Lost in translation

Let’s do a little experiment. I want you to read the paragraph below and then answer a question for me.

My day is going quite well. I had a big meeting scheduled for this morning, and I was feeling nervy. I walked into the building and went to the reception desk, which was on the first floor. The receptionist, a very homely woman, greeted me. “Can you please tell me where the meeting room is?” I asked. She ushered me in, and the meeting began. We talked for about an hour, during which the CEO tabled the budget issue. I won’t go into the details of the rest of the meeting, but let’s just say I lucked out.

Now, which option better describes the paragraph you just read?

(1) An insecure but polite person is describing a meeting that went badly.

(2) A confident but rude person is describing a meeting that went well.

If you answered (1), you probably come from New Zealand, Australia, the UK or another place that uses British English. If you answered (2), you’re probably American. Here’s why.

My day is going quite well

In American English, “quite” means very, absolutely. In British English, it means somewhat but not completely.

I was feeling nervy

I get nervy before big meetings – anxious and jittery and insecure. But when American people get nervy, they’re quite the opposite – they’re confident to the point of being audacious, as in, “Whoa, that guy has got some nerve!”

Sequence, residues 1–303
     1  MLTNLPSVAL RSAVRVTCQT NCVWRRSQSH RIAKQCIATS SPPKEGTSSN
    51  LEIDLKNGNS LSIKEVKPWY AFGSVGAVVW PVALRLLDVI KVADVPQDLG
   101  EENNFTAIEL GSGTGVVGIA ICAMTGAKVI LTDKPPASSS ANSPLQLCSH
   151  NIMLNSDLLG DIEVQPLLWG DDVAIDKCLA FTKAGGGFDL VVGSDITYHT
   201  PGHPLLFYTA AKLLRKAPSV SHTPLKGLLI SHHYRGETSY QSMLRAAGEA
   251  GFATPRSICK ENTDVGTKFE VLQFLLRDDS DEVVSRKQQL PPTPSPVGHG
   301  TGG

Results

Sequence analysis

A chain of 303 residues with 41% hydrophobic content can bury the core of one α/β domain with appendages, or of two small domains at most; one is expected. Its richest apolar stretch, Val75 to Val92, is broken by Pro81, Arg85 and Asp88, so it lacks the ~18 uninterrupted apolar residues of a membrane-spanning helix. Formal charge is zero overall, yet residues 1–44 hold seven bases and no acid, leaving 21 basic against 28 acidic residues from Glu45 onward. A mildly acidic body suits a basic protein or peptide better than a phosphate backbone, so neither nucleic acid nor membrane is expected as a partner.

which was on the first floor

In British English, if you walk into a building from street level, you start off on the ground floor. If you then go up one flight of stairs, you’re on the first floor. In US English, though, the first floor is the one at street level.

a very homely woman

We British English speakers usually use this word to describe places, and it’s always a positive thing – it means warm, cosy and comfortable. But we also sometimes use it to describe a person who is relaxed and friendly. This can be problematic, because in US English, a homely person is plain and ugly.

“Can you please tell me where the meeting room is?”

The “magic word” has the same technical meaning in both types of English, but the subtext is very different. When we say “please” to someone, we’re showing politeness and respect. Americans, though, apparently view it as rude and condescending (!?!?!?!). When I first heard about this difference, thanks to an episode of the excellent podcast The Allusionist, I was gobsmacked. I still find it very bizarre. But I asked some real-life Americans, and they confirmed that they would never say “please” when, for example, ordering at a restaurant or asking a colleague for a favour, because that would be rude. I repeat: !?!?!?!

the CEO tabled the budget issue

Corporate types love to talk about “tabling” this or that. In British English, to table something is to introduce it for discussion. In American English, it’s the opposite – to remove it from discussion, setting it aside for a later date.

I lucked out

In America, this expression means “be lucky”; in British English, it means “be unlucky”. 

Honestly, it makes you wonder why we even try to communicate with each other.

That moment when you realise why "Please, Please, Please Let Me Get What I Want" never charted in the US.

That moment when you realise why "Please, Please, Please Let Me Get What I Want" never charted in the US.